Up until now I have been blogging primarily on Extjs and maybe a few other tasks like Sql Server, SSIS, and Adobe forms. I’ve been using Extjs since the beginning of version 2 and have grown to really appreciate it for what it can do for a large project developed by a small Dev team. That said I’ve been cognizant of the fact that there are a lot of other frameworks taking off right now; but – and this is key – I am old enough to have seen a lot of ‘next big things’ start with a bang and slowly fade away. Would you believe that at one point the future of the internet was going to be Java applets? That said I could no longer ignore one of the more popular frameworks, Angular.js; and I have finished toying with the idea of rewriting one of the apps I work on using this framework and actually started the rewrite.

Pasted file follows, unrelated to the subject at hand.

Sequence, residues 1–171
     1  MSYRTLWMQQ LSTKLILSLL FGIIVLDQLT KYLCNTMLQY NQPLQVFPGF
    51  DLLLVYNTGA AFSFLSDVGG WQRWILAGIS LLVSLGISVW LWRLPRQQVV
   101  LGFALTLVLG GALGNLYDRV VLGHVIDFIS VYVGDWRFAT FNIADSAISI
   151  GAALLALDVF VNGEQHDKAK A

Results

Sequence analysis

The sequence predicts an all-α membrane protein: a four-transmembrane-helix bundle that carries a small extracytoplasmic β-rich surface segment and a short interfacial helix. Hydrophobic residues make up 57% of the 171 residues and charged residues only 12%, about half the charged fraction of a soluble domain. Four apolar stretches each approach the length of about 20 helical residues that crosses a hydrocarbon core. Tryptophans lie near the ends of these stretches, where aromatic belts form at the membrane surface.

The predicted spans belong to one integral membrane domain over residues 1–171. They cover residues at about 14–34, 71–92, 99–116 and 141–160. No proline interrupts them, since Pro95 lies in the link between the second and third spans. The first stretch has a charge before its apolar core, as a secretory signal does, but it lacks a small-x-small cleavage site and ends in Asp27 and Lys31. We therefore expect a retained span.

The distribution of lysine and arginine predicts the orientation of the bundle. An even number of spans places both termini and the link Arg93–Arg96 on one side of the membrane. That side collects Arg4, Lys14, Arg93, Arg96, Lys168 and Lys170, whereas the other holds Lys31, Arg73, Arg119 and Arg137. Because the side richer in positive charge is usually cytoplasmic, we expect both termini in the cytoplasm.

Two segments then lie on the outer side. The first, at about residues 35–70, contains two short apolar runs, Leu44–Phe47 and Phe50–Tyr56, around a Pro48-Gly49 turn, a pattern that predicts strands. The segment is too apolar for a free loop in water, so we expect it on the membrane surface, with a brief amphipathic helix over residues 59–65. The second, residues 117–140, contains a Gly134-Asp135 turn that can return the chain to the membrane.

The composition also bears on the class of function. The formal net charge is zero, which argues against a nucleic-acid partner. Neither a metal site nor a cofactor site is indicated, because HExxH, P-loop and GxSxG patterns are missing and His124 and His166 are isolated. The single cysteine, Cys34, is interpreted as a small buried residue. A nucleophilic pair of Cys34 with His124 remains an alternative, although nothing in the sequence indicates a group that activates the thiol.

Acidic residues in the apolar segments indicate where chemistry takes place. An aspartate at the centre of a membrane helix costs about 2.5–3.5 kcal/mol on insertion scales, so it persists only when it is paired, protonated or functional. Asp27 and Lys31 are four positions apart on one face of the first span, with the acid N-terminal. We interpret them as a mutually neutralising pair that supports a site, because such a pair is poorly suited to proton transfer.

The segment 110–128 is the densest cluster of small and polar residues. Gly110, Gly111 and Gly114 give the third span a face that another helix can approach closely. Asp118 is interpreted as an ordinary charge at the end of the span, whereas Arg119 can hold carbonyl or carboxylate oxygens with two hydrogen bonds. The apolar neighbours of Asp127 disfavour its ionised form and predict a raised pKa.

Full disclosure – I am only taking this path because the user interface is set to become more ‘dashboard / data display’ and less of what some would consider an ‘app’ – you know where people enter a lot of data and stuff like that. I don’t think you should try and recreate an Extjs app in angular unless you have to but that’s for another post. I also know it’s a fool’s errand to argue the merits of either as in the end they are mere tools so the focus here is to come at Angular with an Ext perspective and just point out the differences that I see and how I overcame them.

With that said here are the first things that I noticed when stepping into angular.

Setting up your application: